The League is truly thankful for the significant efforts taken by so many in responding to our request for your thoughts. The many comments represent the diversity of our members, and there have been many well considered recommendations made for changes to the definitions document. Your involvement and the many thoughts you offered are a very positive sign of a healthy organization in which differing points of view are aired openly and a resolution to provide a common ground is achieved.

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Obituary: Robert Stephen Burgerman, MD

Robert Burgerman Robert Stephen Burgerman, MD was an epileptologist and clinical neurophysiologist who was a long-term supporter of the epilepsy community. On July 12, 2013 he died suddenly, unexpectedly, and peacefully in his sleep. Born in Washington DC, he earned his undergraduate degree in electrical engineering and his MD at Washington University and did an internship at Barnes hospital in St Louis, Mo. He completed a Neurology residency at the University of Maryland and a two-year fellowship in epilepsy and clinical neurophysiology at the Graduate Hospital, affiliated with the University of Pennsylvania. He then moved to Sacramento, California where he was founder and medical director of the Sacramento Comprehensive Epilepsy Program at Sutter Medical Center. Bob served as the director of the adult epilepsy monitoring unit and neurodiagnostic laboratory for 21 years and was also Vice Chair of the Institutional Review Board. He was a consultant at the University of California, Davis and was an active member of the American Epilepsy Society, the American Clinical Neurophysiological Society, the Southern EEG Society, the American Academy of Neurology, and the American Medical Association.

Bob remained committed to serving people with epilepsy throughout his career. He had special interest in functional brain mapping and the surgical treatment of epilepsy and served as an investigator for many new antiseizure drugs. He was distinguished by his attention to detail, an unquenchable thirst for knowledge, the ability to connect with patients, and the regularity with which he was involved in epilepsy educational venues both in the US and abroad. He had a kind and generous heart with unparalleled love and devotion for his wife Linda. Bob had a quick wit and great sense of humor. He was always supportive of others, sometimes at his own expense, and could be pointedly honest when needed. He enjoyed windsurfing, skiing, and hiking, and found solace in nature and the arts — especially playing his saxophone. He will be greatly missed by his family, friends, and patients. His passing is a great loss. His family has asked that donations made on his behalf go to the Epilepsy Foundation of Northern California (www.epilepsynorcal.org).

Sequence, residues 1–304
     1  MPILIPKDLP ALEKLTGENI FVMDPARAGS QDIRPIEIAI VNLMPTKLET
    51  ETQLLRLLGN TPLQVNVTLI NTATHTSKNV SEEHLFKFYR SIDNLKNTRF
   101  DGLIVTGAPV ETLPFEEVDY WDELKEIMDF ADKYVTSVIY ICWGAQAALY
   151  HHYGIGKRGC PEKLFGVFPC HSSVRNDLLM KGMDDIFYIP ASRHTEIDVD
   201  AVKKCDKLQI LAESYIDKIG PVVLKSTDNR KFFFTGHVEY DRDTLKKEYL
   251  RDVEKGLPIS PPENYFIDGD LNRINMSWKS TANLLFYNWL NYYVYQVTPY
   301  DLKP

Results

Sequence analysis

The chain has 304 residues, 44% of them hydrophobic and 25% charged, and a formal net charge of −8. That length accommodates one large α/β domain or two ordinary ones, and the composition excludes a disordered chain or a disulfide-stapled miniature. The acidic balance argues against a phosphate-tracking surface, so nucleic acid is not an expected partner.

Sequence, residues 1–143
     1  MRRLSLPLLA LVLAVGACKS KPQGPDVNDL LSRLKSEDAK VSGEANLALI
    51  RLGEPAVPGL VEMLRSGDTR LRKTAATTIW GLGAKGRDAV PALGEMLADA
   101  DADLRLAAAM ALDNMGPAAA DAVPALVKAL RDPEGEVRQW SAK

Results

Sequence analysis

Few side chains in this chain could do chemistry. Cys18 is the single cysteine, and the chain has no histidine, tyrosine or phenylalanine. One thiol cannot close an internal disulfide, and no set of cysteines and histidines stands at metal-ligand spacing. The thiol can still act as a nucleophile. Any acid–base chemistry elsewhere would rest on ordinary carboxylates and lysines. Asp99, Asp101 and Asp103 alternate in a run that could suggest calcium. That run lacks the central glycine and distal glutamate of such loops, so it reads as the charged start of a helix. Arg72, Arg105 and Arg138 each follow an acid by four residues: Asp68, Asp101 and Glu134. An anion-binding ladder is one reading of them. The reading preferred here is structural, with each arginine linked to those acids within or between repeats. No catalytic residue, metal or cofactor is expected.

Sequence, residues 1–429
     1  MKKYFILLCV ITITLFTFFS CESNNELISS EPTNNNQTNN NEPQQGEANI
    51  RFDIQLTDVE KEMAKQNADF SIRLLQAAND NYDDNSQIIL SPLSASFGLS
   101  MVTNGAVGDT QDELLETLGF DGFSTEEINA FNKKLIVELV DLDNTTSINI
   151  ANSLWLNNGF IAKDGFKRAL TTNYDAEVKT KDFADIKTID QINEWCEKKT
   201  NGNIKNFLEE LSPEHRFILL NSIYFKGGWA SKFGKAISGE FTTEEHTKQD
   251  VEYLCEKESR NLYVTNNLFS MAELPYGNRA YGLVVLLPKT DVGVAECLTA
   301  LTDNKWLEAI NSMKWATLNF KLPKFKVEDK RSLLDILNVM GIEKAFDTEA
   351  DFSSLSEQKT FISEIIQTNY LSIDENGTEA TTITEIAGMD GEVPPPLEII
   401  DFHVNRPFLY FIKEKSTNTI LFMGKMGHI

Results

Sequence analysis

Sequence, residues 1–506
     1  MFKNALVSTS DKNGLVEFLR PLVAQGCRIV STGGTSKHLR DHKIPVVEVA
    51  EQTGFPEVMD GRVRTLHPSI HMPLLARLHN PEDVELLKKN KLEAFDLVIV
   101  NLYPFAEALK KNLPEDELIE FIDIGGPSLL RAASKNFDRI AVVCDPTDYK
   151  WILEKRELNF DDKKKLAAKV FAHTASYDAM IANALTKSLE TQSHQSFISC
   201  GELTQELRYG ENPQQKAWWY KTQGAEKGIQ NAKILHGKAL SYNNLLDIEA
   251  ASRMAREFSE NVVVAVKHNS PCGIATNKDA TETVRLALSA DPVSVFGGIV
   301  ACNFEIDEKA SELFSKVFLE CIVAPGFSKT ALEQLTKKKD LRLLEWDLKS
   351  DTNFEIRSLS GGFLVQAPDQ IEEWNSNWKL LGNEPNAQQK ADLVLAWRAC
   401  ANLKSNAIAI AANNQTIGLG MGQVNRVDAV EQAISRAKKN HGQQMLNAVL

Robert Burgerman and Bill
Dr Burgerman with William Tatum
when they were in training

;Robert Burgerman playing saxophone in band
Dr Burgerman with his saxophone

William O Tatum IV
Michael R Sperling

Obituary: Cesare T. Lombroso, MD, PhD

A dedicated physician and AES leader will be missed.

Cesare Lombroso

Dr Lombroso was a dedicated physician who trained many doctors in his over 50 year career in medicine and was renowned for his ability to handle the most difficult cases of epilepsy. Dr Lombroso passed away peacefully on October 19, 2013 at his home surrounded by family.

Dr Lombroso was born in Rome, Italy, to a distinguished family that included numerous scientists and authors, many of whom achieved international recognition for their work. He received his M.D. degree in 1946 from the University of Genoa and then, in 1950, his PhD degree from the University of Rome. Later that year, Dr Lombroso began his long association with Harvard and The Children’s Hospital.

In 1962, he succeeded Dr William G. Lennox as Chief of the Seizure Unit and EEG Laboratory at Children’s Hospital, positions he held until he retired from the faculty of Harvard Medical School in 1988. Believing, as did Dr Lennox, that children with seizures do best when they are treated in a center that can address simultaneously the multiple interacting medical, psychosocial, behavioral and family issues that impact on their lives, Dr Lombroso succeeded in making the Seizure Unit at Children’s Hospital a preeminent center for both treatment and clinical investigation.

There is scarcely an area of pediatric epileptology that has not been influenced by Dr Lombroso's contributions. He pioneered the concept that febrile seizures are usually benign and often do not require treatment. His studies of infantile spasms and other epileptic encephalopathies, breathholding spells and infantile syncope, idiopathic partial seizures, and neonatal seizures were major original contributions that remain classics in the field.

In electroencephalography, Dr Lombroso's work has hardly been less important. He helped define the normal paroxysmal changes that occur during drowsiness in children, clarified normal variants of EEG patterns that had previously been considered abnormal, and carried out systematic studies of EEG activity in newborns that helped make the EEG an indispensable diagnostic tool in hospital nurseries.